Opportunities to intervene before a 16-month-old girl was killed by her father "were missed" by social services and other agencies, an inquiry has found.
Amy Howson, from Doncaster, South Yorkshire, had her spine snapped by her father James in December 2007.
A serious case review found the town's children's services team failed to take proper action to safeguard the girl, who also was beaten several times.
It identified "three key missed opportunities" to intervene.
Howson, of Nelson Road, Doncaster, was jailed for life with a minimum term of 22 years after being convicted of Amy's murder.
Her mother Tina Hunt was given a 12-month sentence suspended for two years after admitting she allowed the death of a child and child cruelty.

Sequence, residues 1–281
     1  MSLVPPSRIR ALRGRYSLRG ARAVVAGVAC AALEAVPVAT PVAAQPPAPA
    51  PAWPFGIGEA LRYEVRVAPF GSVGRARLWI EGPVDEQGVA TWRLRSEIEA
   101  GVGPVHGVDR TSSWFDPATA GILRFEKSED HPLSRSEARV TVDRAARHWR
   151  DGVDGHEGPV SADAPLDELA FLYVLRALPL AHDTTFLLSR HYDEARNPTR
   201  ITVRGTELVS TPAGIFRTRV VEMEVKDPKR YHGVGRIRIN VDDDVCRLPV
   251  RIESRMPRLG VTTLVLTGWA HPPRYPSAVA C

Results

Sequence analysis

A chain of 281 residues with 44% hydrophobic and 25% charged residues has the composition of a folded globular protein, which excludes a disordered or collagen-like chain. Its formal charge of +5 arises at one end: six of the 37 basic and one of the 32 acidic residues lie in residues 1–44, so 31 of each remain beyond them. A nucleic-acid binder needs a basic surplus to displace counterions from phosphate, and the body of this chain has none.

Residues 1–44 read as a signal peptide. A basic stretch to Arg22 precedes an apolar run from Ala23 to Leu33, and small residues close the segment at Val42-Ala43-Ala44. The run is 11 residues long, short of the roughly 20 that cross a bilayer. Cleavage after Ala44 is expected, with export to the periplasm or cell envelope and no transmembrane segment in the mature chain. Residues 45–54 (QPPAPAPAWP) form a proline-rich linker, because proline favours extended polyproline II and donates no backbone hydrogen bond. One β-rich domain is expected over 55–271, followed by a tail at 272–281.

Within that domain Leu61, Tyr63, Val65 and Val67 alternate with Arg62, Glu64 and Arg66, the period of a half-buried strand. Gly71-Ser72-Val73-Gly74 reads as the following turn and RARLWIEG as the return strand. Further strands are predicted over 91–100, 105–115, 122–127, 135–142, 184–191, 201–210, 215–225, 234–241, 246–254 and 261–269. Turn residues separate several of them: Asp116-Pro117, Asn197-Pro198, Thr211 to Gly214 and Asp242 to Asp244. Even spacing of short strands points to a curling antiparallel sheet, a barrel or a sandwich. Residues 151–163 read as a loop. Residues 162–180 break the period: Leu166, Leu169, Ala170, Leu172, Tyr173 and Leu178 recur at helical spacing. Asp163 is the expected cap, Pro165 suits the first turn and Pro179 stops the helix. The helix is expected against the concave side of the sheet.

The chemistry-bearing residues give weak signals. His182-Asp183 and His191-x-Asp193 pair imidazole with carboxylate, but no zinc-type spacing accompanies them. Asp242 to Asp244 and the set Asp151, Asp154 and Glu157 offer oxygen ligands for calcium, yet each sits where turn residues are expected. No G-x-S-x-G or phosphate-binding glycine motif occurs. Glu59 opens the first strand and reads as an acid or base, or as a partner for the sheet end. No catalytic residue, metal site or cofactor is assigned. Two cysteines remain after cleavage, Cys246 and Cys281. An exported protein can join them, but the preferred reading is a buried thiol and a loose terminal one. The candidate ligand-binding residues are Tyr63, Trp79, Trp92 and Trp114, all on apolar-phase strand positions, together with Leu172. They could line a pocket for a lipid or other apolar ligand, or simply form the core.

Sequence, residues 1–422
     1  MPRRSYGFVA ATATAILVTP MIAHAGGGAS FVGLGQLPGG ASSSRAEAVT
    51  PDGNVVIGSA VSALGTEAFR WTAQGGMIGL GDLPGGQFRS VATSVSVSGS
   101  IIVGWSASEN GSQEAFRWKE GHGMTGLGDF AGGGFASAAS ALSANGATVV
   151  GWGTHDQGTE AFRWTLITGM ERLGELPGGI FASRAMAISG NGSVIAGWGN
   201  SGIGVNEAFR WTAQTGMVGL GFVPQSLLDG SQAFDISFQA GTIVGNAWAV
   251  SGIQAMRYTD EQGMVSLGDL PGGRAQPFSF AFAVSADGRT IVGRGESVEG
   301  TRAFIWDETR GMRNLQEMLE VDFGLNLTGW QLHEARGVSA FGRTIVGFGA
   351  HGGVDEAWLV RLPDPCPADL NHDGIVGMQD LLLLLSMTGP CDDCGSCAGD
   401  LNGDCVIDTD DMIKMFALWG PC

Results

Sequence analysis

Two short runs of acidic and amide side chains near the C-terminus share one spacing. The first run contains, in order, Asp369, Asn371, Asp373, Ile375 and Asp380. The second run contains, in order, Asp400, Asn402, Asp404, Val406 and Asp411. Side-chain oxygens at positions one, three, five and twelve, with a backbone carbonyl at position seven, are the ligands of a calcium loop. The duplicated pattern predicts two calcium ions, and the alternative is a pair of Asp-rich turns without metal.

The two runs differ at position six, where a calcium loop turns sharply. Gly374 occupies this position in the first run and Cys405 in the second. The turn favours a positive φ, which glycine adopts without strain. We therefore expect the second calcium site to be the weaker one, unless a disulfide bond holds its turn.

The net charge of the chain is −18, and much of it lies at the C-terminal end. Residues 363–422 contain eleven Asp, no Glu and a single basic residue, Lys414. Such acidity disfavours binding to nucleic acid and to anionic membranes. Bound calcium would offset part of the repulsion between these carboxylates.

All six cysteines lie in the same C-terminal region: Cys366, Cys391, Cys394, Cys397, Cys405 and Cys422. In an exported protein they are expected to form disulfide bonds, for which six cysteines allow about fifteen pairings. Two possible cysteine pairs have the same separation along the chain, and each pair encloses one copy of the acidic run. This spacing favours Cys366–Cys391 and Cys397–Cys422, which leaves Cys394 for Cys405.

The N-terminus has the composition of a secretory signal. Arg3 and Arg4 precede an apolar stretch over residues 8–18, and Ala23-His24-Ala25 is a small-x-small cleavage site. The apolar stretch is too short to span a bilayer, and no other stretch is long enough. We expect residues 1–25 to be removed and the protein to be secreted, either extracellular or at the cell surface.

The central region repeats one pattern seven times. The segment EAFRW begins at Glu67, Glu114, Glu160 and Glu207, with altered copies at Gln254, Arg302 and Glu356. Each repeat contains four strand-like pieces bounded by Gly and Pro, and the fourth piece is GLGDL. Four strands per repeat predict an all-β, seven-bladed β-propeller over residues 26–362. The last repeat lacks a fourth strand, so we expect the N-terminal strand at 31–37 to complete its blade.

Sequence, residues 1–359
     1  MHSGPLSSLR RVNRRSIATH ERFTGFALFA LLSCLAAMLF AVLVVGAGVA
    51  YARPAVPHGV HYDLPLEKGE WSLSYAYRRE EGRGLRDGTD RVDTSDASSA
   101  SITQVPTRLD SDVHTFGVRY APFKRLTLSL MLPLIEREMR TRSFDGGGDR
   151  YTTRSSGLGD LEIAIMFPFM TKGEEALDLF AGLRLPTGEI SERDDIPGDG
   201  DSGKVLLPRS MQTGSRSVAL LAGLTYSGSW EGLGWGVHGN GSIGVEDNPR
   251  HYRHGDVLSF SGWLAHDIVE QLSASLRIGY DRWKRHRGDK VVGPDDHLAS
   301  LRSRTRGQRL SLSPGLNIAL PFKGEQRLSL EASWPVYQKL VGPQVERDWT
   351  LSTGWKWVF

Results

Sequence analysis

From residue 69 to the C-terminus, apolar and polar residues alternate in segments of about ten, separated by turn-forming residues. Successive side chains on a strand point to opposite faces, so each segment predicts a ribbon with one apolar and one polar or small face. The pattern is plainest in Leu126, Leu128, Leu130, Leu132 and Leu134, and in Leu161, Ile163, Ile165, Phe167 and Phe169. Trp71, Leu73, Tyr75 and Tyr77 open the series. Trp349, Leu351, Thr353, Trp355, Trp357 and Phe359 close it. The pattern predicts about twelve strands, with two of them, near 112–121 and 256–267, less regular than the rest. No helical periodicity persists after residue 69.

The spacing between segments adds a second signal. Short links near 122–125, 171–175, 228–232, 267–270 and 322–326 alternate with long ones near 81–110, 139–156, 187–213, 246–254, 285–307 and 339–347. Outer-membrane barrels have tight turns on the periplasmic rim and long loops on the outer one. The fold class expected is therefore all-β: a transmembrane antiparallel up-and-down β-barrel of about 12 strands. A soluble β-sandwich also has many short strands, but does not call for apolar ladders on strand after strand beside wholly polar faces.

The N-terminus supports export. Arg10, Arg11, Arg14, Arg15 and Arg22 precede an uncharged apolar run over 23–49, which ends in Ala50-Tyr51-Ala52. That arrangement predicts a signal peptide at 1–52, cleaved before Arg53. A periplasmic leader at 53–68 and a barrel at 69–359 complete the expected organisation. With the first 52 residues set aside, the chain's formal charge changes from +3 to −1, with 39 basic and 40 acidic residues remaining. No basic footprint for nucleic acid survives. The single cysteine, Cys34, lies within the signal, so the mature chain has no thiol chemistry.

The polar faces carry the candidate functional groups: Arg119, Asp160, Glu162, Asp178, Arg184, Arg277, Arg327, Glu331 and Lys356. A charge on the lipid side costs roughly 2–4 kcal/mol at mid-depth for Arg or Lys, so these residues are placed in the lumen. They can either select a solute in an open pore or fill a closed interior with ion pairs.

The serious case review referred to Amy as Child B.
In its conclusion, it said: "The murder of Child B by her father... was not predictable given the information and knowledge held on him and other family members by agencies.
"However, there was sufficient information and knowledge on family members, including (the father), held by individual agencies to conclude that, on balance, both Child B and (another child) were at risk of significant harm from him.
"Some agencies within the Doncaster multi-agency child protection system failed to follow basic safeguarding procedures and did not take proper and effective action to safeguard and promote the welfare of Child B and (the other child)."
The review also concluded an "inter-agency working and communications were deficient".
It identified "three key missed opportunities for agencies to intervene with a proper assessment and subsequent child protection plan".